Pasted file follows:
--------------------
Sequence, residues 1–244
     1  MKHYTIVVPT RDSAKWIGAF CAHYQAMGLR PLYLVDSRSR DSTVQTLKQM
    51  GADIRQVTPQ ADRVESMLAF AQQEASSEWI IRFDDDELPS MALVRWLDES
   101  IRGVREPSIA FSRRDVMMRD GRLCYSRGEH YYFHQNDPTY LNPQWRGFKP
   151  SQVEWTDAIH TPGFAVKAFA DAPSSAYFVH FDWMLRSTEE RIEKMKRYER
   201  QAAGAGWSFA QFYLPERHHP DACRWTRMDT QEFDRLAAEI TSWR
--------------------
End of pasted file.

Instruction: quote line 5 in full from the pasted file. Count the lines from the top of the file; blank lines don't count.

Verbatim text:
   151  SQVEWTDAIH TPGFAVKAFA DAPSSAYFVH FDWMLRSTEE RIEKMKRYER